Following the conclusion of each academic year and the subsequent arrival of freshmen to universities across the country, each incoming class is given a well-prepared speech on the opportunities and potential offered by their university’s unique experience.
The campus is wide open, and each schedule is tailor made by the student to best support their goals. This has developed an atmosphere of creative liberty that is impossible not to become enamored with.
Yet behind this beautiful image of freedom and transition exists a dark reality. The U.S. Census and American College Testing Program found that in 2008 almost 34 percent of incoming freshmen dropped out as a consequence of feeling overwhelmed or overconfident.
If college is a self-driven and creatively open experience, then what is causing students to struggle as they try to fit into their new environment?
To understand what troubles freshmen, and by extension all students in college who are experiencing difficulty transitioning from k-12 into secondary education, then it becomes necessary to understand what pre-college education has become.
More than anything, high school has for decades been an environment where tools are given to students with the understanding that they would later use those tools either during employment or secondary education. For example, high school students are drilled on theorems, facts and dates but they’re taught to memorize rather than to think.
Only tangentially are students given the opportunity to self-direct or think independently from standardized tests or textbooks that govern what must be taught, and thus, what must be engraved in each student’s mind before they can graduate. While this may build a foundation for critical thought and educate the student about some elements of the world around them, if students are only told what to think and never how to think, they will find themselves completely lost upon graduating.
If high school is orderly and structured, then college is organized chaos. Students accustomed to standard 9 a.m. to 3:30 p.m. schedules will be surprised to land themselves some days without classes and others that run until 6 p.m. Courses that were lecture heavy in high school now come with significant discussion sections, and students are given more disjointed and randomly structured assignments that require higher level comprehension that was not previously encouraged.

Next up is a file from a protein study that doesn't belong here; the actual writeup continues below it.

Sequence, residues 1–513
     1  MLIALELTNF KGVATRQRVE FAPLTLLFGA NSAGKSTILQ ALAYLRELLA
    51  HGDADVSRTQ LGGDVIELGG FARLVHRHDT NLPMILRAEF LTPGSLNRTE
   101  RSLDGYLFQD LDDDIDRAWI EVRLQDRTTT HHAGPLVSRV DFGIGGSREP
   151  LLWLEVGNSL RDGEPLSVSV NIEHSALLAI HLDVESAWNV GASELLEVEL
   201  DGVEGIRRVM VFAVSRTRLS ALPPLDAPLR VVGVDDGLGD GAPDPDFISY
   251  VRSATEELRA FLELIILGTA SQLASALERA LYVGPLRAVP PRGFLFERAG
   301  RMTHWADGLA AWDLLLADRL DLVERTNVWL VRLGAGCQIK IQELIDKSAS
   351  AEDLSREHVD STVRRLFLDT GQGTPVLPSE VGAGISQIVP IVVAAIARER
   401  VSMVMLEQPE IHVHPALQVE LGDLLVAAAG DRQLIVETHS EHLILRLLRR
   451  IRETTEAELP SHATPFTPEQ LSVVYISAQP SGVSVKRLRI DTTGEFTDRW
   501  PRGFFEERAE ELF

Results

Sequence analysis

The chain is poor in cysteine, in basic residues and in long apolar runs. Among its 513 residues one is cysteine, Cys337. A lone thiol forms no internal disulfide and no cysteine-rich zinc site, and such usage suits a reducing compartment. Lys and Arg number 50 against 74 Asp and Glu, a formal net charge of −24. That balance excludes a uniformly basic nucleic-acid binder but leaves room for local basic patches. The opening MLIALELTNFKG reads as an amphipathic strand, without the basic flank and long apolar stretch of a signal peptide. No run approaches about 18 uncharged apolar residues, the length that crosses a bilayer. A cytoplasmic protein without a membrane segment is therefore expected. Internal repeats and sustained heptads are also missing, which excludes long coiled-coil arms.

Students who take college level courses in high school may find themselves much better prepared for college. Those students who don’t can quickly become overwhelmed and lost if not adequately prepared by their teachers — teachers preoccupied and overloaded with the stress of meeting state and federal standards.
Now that the success of a school is tied to its test scores rather than the success of its graduates, students head to universities across the country with inadequate preparation, possessing knowledge of standards that will prove far less helpful now that SATs and ACTs have no further purpose.
Rather than radically restructuring the format of high schools, courses should be more dedicated to promoting critical thinking. This way the creative and free-form world of secondary education will no longer be so foreign or overwhelming to students who have been told to ignore everything except the answers to potential test questions.
In addition, students should also be allowed to self-direct their education more than they are currently allowed. With more options for electives and core classes, rather than the standard one-size-fits-all schedule across the United States, new students entering the university will be more confident having already planned a more variable course schedule.
High schools must step up to the plate to better prepare students for the incredible change in pace and style in use at American universities.
While test scores and graduation rates are integral and helpful for tracking weaknesses and strengths within institutions, ultimately the most important goal of any school is to make sure that every student is capable of leaving with the tools they need to succeed. If high schools cannot assist their graduates in bridging the gap between primary education and whatever will come after, then they have failed in their most important task.
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